She admits she’d like to be doing more than four weeks but Coronation Street, in which she plays the wonderful battleaxe Evelyn Plummer, would only allow her that amount of time off.

When we speak, the actress, who commutes every week from her home in London to Manchester, where the soap is filmed, is pondering her latest battle with the soap bosses: seder night. “I’m debating Passover with Coronation Street because there has been a lapse in which they were not told I needed to be home for seder night,” she says. “I will be home. And I will do things to a poor little lamb. I will be ringing everyone when I realise I don’t have enough Haggadahs and will forget what goes on the seder plate, as I do every year. And there will be a fight among the grandchildren over what we do every year. ‘That’s what we do’, as Rose says in our play, we need ritual.”

Mandatory Credit: Photo by Alan Davidson/Shutterstock (7543403i)
Evening Standard Film Awards at the Savoy Hotel Maureen Lipman with her late husband Jack Rosenthal
2000 Evening Standard Film Awards at the Savoy Hotel – 06 Feb 2000

Friday night dinners are one of her favourite rituals, partly because they remind her of her husband, the acclaimed playwright Jack Rosenthal, who died of multiple myeloma, a form of bone cancer, in 2004.

“I got the message about Friday nights when Jack was ill because it meant so much to him to see a gathering of people around the table – he loved the idea that the family came together on a Friday night and we’ve kind of kept that up even if it’s not always possible,” she says. “Friday nights are a lovely way to finish the week. The dog sits under the table and as soon as I go near the candles she waits for her piece of challah.”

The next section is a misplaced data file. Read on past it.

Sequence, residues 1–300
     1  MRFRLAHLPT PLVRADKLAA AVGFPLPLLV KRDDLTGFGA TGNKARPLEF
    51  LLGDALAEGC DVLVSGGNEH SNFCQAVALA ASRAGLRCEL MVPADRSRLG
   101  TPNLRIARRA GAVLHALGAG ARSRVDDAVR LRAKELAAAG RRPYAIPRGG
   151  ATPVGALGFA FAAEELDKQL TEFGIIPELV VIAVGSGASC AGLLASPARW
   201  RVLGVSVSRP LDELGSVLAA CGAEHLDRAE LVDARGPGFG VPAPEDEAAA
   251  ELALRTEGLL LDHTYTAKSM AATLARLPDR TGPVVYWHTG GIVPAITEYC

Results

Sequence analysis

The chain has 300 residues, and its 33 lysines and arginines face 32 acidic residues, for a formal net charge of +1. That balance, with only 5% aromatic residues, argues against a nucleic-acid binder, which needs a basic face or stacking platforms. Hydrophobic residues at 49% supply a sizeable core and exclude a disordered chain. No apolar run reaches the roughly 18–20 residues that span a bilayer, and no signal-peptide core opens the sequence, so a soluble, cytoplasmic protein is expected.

Maureen is unashamedly Jewish; she speaks up against antisemitism and other wrongs she sees being committed and is a rare famous Zionist. Perhaps that’s because she first found fame when Jews were – oh so briefly – flavour of the month.

“When I was growing up, we were the fashionable ethnic group,” she laughs. “Partly because of what happened in the war and also because so much of the humour of the 1950s and 1960s was coming out from Jewish New York. I was always terribly proud to be the person who was seen as different. It was a great thing. Unfortunately, they’ve managed to turn the State of Israel into a divisive issue and there is a new way to get back at us again. So times are hard.”

She recently started the debate on ‘Jewface’, saying that a Jewish actress should have been offered the role of Golda Meir in the film Golda that went to Helen Mirren, who has been criticised for wearing too much latex to look like the former Israeli prime minister.

“I haven’t seen the film, but I presume it is fairly pro-Israel so it hasn’t got a cat in hell’s chance to begin with, has it?” she laughs. She maintains that while acting is acting, if Judaism – culturally, nationally or religiously – is at the centre of a role she believes should be played by a Jew – even if she is a Jew playing a non-Jewish woman in Coronation Street. And she’s unhappy that Jewish directors and producers aren’t leading from the front on this issue.

“I’m thinking about when Alec Guinness played Fagin and how his nose was almost bigger than the screen,” she says. “I’ve played a lot of non-Jewish people in my life and I don’t think every Jewish role needs to be filled by a Jew – that would be stupid. But if it’s integral to the part, why wouldn’t you cast a Jew?”

She ponders this thought momentarily.

“But if Steven Spielberg can cast a non-Jewish actress to play his own mother, there’s no hope. I haven’t seen The Fabelmans and I know Michelle Williams is wonderful as an actress, but Steven Spielberg is someone who can make things happen in the world of Jewface.”

The Lehman Trilogy is also problematic for her.

“The show obviously has fabulous actors, but I would say to Mr Sam Mendes [the Jewish producer and director of the show] fight for your own a bit more. I know most people won’t notice if there is a shrug in the wrong place or simcha is pronounced incorrectly but we notice, we Jews will notice and we count too.”

The ‘Rose’ among our thorny detractors has spoken. Here’s hoping she keeps on talking.

Rose is at the Ambassadors Theatre, London from 23 May. For tickets visit roseonstage.co.uk